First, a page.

The Leech Lake Band of Ojibwe and Canterbury Park have reached the state’s first deal between a tribal casino and a racetrack.

The agreement signed Wednesday will allow the band to simulcast horse races at its Northern Lights Casino in Walker, using a feed from Canterbury Park in Shakopee. If the Minnesota Racing Commission and National Indian Gaming Commission agree to the deal, the casino could begin broadcasting races — everything from the Kentucky Derby to livestreams from Canterbury — within months.

“It’s very exciting for us,” said Canterbury Park CEO Randy Sampson, who has been working to forge a tribal partnership since the state legalized casino simulcasting in 2012. “This is a chance to expose horse racing to a new part of Minnesota and get people enthused about horse racing.”

The deal will require approval by state and tribal gambling authorities.

“There is significant interest in live horse racing in northern Minnesota, so we see a great opportunity to meet customer demand and continue to support our mission of community development,” Leech Lake chairwoman Carri Jones said in a statement. “We are thrilled to create these agreements with Canterbury Park.”

Pluses for both

For Leech Lake, racetrack betting at Northern Lights will mean new jobs at the casino and new money coming in to fund housing, infrastructure and social services for the 9,000-member band.

For Canterbury Park, which will manage the race broadcasts in exchange for a smaller cut of the wagering revenue, it means a fresh stream of money coming in to bulk up its purses and give owners a reason to race in Minnesota.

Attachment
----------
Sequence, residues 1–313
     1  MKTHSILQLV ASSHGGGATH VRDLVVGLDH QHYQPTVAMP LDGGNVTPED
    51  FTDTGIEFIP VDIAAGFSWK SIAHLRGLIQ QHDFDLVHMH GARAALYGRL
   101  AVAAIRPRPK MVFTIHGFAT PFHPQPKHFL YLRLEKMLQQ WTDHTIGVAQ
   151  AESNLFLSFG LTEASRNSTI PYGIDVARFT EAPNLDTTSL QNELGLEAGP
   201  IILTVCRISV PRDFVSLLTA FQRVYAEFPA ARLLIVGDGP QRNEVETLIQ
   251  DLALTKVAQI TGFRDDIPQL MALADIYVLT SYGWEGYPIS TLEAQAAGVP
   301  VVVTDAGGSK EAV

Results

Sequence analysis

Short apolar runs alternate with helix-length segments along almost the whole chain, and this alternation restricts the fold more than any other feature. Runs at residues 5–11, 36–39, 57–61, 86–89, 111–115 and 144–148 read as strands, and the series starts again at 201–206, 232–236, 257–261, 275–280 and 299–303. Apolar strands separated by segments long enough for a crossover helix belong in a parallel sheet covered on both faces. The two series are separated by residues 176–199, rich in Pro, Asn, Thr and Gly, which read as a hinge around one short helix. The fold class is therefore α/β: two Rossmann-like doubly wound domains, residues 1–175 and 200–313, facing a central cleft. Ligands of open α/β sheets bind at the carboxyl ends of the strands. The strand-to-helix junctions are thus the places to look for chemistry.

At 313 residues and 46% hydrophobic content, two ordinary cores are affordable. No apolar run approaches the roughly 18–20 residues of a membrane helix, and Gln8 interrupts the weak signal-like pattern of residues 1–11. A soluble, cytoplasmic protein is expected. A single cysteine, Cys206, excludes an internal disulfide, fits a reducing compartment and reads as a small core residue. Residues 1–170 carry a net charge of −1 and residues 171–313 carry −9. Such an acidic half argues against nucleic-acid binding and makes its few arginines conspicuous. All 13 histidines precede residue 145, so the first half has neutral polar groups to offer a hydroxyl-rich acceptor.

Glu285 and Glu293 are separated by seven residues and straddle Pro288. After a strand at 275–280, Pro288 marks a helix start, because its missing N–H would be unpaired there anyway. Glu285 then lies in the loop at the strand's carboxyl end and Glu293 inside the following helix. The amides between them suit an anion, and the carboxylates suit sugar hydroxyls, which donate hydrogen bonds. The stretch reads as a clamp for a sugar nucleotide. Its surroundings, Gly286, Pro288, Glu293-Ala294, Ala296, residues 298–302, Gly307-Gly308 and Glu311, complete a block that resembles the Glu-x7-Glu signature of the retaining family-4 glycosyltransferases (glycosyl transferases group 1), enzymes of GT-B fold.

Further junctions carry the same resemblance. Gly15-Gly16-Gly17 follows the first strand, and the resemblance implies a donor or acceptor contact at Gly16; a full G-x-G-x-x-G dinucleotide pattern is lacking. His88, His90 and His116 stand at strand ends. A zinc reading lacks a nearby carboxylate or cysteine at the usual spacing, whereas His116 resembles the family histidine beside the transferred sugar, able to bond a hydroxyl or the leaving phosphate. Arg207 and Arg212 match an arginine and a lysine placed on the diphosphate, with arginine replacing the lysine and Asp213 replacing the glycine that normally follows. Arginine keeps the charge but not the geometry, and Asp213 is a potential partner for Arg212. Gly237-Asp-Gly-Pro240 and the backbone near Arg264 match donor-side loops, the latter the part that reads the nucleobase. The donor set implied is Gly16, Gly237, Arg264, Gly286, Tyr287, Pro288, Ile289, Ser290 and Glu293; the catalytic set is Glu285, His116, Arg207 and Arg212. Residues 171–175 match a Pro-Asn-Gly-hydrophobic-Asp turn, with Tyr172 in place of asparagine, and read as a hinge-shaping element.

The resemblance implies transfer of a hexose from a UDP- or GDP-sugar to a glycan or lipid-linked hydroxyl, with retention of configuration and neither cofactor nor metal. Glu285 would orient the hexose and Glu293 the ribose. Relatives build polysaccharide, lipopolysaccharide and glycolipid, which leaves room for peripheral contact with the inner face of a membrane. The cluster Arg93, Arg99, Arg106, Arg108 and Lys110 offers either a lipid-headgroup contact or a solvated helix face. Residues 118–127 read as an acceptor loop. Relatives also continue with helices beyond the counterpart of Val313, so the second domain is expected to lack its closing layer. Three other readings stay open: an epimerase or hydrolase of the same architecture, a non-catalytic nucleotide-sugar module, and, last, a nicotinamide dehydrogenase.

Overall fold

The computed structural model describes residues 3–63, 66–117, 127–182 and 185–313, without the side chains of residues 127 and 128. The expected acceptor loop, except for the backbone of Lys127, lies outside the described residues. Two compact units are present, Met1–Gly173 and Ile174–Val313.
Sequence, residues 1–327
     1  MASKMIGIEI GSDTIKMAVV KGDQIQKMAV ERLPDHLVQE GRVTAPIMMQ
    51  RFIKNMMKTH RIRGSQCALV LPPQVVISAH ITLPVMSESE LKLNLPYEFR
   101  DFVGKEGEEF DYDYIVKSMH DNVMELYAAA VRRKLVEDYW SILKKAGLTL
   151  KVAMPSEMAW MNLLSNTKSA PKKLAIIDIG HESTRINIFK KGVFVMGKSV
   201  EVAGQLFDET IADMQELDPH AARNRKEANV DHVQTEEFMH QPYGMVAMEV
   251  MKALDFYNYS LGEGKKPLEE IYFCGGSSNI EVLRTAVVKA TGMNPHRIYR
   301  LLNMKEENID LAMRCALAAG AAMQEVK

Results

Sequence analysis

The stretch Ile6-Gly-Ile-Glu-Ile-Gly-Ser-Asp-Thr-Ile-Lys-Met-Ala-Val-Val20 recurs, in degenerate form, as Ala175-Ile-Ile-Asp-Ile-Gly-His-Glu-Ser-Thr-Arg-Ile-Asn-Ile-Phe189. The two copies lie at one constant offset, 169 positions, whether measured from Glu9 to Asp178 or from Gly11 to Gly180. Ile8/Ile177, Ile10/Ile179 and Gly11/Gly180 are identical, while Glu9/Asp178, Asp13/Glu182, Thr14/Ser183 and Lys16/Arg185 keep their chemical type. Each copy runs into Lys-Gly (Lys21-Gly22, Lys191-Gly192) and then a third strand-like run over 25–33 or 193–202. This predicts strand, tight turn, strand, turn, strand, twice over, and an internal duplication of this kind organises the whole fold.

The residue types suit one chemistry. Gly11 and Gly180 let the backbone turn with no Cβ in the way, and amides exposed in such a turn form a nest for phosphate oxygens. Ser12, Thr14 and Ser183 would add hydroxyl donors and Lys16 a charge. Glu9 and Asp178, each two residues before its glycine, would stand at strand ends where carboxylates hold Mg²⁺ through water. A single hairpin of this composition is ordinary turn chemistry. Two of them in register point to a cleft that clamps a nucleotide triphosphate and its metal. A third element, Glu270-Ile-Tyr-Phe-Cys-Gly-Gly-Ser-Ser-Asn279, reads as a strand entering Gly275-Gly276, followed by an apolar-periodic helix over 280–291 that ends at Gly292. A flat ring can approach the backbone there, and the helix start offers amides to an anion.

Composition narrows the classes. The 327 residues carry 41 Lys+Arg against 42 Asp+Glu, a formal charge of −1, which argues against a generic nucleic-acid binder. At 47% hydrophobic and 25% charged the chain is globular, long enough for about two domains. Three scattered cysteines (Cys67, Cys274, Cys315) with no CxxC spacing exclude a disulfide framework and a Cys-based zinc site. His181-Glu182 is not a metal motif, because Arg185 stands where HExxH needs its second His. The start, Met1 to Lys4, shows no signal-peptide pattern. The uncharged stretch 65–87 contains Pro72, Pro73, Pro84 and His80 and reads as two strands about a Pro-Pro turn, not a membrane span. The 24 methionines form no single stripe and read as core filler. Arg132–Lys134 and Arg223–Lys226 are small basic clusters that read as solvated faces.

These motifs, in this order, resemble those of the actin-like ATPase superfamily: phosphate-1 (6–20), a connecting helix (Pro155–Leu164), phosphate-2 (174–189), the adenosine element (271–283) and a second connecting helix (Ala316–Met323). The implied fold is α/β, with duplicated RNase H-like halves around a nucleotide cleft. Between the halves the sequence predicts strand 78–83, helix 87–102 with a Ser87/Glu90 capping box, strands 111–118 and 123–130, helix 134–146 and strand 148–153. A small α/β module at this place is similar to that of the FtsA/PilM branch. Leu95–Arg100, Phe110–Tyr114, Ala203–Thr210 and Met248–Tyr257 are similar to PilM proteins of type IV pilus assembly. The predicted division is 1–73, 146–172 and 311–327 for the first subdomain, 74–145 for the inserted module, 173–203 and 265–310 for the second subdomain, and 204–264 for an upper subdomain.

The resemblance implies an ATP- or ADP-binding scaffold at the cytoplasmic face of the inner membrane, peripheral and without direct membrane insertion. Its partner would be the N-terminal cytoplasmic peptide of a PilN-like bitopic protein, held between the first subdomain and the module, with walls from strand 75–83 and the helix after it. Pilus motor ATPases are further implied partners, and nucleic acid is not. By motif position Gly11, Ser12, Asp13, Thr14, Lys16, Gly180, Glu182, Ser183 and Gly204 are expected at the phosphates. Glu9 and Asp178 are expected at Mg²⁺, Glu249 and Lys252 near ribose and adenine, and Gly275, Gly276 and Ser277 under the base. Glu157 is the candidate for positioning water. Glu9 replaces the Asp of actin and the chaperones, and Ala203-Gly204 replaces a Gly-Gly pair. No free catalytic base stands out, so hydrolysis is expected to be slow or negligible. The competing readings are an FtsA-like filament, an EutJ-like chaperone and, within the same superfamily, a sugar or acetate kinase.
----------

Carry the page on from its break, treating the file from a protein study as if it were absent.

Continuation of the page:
“We’re just very happy to be working with Canterbury and we think this is a really good example of Indian gaming working with private business in the state of Minnesota,” Leech Lake legal director and senior tribal attorney Lenny Fineday said. “We’re really envisioning a really successful long-term relationship.”

Years of strife

The accord comes after years of strife between casino and racetrack interests. As racetrack attendance shrank and purse sizes dwindled, Minnesota’s two racetracks lobbied hard to legalize slot machines at the racetracks — a move the tribal casinos strongly opposed. Two years ago, the Legislature signed off on a compromise that cleared the way for casinos and racetracks to cut deals for racing simulcasts, with a share of the profits going to bulk up the purses at the racetracks.

Soon afterward, Canterbury Park forged a 10-year cooperative marketing agreement with the neighboring Shakopee Mdewakanton Sioux. In exchange for Canterbury’s pledge to drop its racino campaign, the tribe will pump tens of millions of dollars into the purses. Since the deal, Canterbury reports that the number of thoroughbred foals born in Minnesota has surged from a low of 90 to more than 200.

The Minnesota Horsemen’s Benevolent and Protective Association, the Minnesota Quarter Horse Racing Association and Leech Lake signed a purse fund contribution agreement that will use simulcast wagering revenue from Northern Lights to increase live racing purses at Canterbury Park.

Sampson said other tribal casinos have expressed interest in cutting a simulcast deal with Canterbury Park.

“These are great locations to expose new people to horse racing and give people that are already race fans a place to go,” Sampson said. “We hope that once this is approved, there will be other tribes.”